Experts think that aphantasics piggyback on neurons involved in controlling physical movements rather than using the visual brain circuitry to “visualize” or recall information.
For instance, you can trace the letter B of the alphabet in your brain to know it has curves or you can use your mind’s eye to see its image.
Are There Any Aphantasia Benefits?
While the research is still out on this one, Penn says that because he thinks verbally and not visually, when he gets an idea, he can describe it instantly.
While aphantasics’ use of spatial memory is stronger in the absence of visual memory.
It gets better!
People with aphantasia have been seen to perform on par with people who can visualize images in many tasks involving visual information.
Moreover, a 2003 study stated the benefit of mental imagery is surprisingly small when it came to creative thinking.
Does Aphantasia Hamper The Memory Techniques
That Call For “Visualization”?
Not in the least.
Tansel Ali and I talked about your multiple options in a recent interview.
Memory techniques involve more tools than just visualization. You have many options.Memory techniques involve more tools than just visualization. You have many #mnemonic options.Click To Tweet
When you use a memory technique like the Memory Palace use all the Magnetic Modes, you can memorize a very large amount of information relatively quickly without necessarily seeing the Memory Palace in your mind.
Here’s an infographic that tells you all about the different ways that your brain perceives information:
Personally, I don’t have aphantasia.
However, I am low on the visual threshold.
As a result, it took me a long time to understand techniques like mind mapping, let alone developing mind map mastery (which is still a work in progress, to be honest).
Most of what I do in the world of memory techniques involves thinking about strange combinations of images in words and sounds, not high-definition imagery. I would call this being audio-conceptual.
So, if you are worried that the inability to see images in your mind will stop you from using the Memory Palace technique.
Over the years, I’ve invested in myself so that I can “see” something like visuals in my mind. But even to this day, the best results I get from memory techniques don’t require constant streaming of high-definition images in my head.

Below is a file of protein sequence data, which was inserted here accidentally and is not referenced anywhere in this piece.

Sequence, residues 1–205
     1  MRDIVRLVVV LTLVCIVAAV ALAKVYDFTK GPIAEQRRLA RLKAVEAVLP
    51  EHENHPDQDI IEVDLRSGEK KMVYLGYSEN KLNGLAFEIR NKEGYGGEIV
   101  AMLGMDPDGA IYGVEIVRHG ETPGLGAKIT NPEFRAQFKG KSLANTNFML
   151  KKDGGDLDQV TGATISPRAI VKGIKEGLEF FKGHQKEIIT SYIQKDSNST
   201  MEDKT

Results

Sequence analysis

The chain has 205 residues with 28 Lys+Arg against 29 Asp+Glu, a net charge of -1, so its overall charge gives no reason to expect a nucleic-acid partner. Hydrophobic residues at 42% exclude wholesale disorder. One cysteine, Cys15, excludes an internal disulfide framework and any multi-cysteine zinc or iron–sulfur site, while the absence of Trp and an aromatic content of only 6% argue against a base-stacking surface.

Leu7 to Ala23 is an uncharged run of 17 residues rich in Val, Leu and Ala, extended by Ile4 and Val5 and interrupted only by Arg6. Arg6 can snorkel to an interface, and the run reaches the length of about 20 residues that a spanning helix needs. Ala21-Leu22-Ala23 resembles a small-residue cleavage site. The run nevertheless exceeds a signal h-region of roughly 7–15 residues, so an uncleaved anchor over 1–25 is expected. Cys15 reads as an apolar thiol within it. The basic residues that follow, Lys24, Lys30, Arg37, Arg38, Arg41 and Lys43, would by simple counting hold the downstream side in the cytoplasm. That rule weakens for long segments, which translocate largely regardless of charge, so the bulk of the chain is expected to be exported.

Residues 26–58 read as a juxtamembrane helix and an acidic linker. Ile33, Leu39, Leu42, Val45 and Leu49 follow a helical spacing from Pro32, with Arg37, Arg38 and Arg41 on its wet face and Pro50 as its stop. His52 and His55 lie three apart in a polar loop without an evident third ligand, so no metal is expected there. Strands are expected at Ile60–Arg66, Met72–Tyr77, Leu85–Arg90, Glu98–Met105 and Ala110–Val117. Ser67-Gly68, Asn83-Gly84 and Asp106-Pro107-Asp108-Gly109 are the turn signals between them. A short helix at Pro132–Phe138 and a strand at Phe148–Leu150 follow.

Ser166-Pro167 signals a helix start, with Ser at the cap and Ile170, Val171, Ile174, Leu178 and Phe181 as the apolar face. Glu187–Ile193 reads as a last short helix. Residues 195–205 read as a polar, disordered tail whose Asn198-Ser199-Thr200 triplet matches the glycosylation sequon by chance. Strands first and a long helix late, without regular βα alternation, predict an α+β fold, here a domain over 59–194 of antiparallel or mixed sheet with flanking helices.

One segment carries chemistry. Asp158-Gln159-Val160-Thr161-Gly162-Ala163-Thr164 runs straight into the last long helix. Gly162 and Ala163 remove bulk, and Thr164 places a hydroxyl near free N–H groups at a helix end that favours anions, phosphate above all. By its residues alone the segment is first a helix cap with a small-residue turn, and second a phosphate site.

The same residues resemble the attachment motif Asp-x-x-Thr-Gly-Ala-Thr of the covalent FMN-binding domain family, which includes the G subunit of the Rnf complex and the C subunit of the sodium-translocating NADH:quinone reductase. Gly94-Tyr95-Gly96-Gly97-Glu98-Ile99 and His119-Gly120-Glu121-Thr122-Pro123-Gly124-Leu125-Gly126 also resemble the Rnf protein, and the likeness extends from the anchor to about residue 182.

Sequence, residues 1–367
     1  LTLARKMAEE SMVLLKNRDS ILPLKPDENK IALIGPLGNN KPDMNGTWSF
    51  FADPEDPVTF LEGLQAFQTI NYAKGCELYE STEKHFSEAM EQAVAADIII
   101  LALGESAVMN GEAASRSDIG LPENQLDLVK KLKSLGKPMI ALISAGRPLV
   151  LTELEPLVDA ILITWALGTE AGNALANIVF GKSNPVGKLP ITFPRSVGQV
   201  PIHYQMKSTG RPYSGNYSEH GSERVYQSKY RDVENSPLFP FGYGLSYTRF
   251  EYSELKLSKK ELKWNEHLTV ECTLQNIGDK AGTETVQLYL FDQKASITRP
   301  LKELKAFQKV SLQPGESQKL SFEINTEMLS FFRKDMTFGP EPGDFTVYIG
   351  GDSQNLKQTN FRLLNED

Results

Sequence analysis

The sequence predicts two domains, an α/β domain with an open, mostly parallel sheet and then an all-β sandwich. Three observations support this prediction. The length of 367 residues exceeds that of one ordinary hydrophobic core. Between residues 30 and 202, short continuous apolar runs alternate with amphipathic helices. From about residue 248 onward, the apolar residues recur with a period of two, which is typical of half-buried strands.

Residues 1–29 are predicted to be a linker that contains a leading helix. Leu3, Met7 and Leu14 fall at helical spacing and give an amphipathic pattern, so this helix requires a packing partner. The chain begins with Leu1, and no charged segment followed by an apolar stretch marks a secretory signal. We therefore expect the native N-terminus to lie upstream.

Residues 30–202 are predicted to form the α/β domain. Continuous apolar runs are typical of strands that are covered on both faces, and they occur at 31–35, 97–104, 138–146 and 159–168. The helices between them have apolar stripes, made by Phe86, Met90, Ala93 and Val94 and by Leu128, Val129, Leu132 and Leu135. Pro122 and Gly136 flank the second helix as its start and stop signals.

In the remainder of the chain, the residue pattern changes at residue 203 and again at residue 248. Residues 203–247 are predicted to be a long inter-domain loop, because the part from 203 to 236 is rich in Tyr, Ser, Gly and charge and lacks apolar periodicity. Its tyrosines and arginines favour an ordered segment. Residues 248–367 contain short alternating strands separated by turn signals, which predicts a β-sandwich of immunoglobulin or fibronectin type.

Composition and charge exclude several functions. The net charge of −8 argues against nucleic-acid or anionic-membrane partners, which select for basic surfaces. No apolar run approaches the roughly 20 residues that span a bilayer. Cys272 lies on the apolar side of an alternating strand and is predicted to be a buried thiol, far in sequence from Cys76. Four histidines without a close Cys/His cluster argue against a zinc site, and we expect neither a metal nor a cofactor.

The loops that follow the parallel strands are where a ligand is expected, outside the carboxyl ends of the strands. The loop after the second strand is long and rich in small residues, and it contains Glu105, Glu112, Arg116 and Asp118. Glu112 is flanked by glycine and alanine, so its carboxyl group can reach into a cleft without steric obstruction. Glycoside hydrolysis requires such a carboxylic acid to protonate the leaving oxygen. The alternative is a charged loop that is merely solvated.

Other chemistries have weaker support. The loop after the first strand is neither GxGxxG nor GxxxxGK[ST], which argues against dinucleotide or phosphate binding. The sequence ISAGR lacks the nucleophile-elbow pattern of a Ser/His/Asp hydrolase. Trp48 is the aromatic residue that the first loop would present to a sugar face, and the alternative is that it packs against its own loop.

Here’s my discussion on this issue:
In any case, if you want to visualize bright, vivid pictures in your mind’s eye, you can try image streaming.
Image Streaming Vs. Aphantasia?
Image streaming is a simple process that enables you to open up your mind’s eye to visuals.
Here’s how it works:
- Close your eyes and describe what you see.
- If you don’t see anything (which would exactly be the case if you have aphantasia) help your brain start seeing images.
- Start by gently rubbing your closed eyes like a sleepy child. Then describe the bright sparkly light that you see behind your closed retina.
- Or look at a bright light like a candle for a half minute, or a window which has strong light/dark contrast. Then when you close your eyes, you should be able to see after-images, like a blob of light or color, at back of the eye. Describe that blob of light.
- You can also describe a memory that you cannot “see” but remember from the past.
- The important thing is to describe using all your sensory details – meaning use all your five senses of sight (vision), hearing (audition), taste (gustation), smell (olfaction), and touch (somatosensation) to describe your bob of light or memory.
- While you are examining and describing your after-images or memory events, keep a look out for experiencing some other kinds of image. It could be a momentary face, landscape, or whatever. Notice when this happens, and switch to describing that new image.
- Remember to describe all images to an external focus – quickly and loudly. The external focus can be a friend or a dictaphone (voice recorder), anything or anyone you can talk to.
- Practice image streaming for only 10-20 minutes a day to enable your mind’s eye to see pictures.
How to Use A Memory Palace With A Blind Mind’s Eye?
Associating pieces of information with a location you are familiar with, like your house, is the basic idea behind the Memory Palace Technique.
And it does not need you to visualize your house. You can “know” factually which room is where in your home or where is the window or door or the attic located.
Keeping the full range of your Magnetic Modes in mind, you can use any home or location with which you are familiar.
The effectiveness of the Memory Palace technique is based on the scientific fact that your brain and spatial memory perceive space as a kind of image.
Check out this lecture for more information about how that works:
If you’re interested in this “Magnetic” technique, click on the image below:
Memory Is More Than A Mental Picture Book
Memory is many things. It includes facts, figures and figments of information stored in various regions of your brain.
But more than that, memory is the ability to communicate these kinds of information to others and recognize them when they are being communicated to you.
When it comes to how you get information to play with in the first place, there are many ways. Some are faster than others.
Using an effective, dedicated memory strategy system like Magnetic Memory Method you can easily retrieve those memories faster and with predictable and reliable permanence.
Add to it a balanced diet, meditation, and sleep and you will be able to enhance your memory, concentration and focus in a way that improves your entire life.
Doesn’t that make a pretty picture?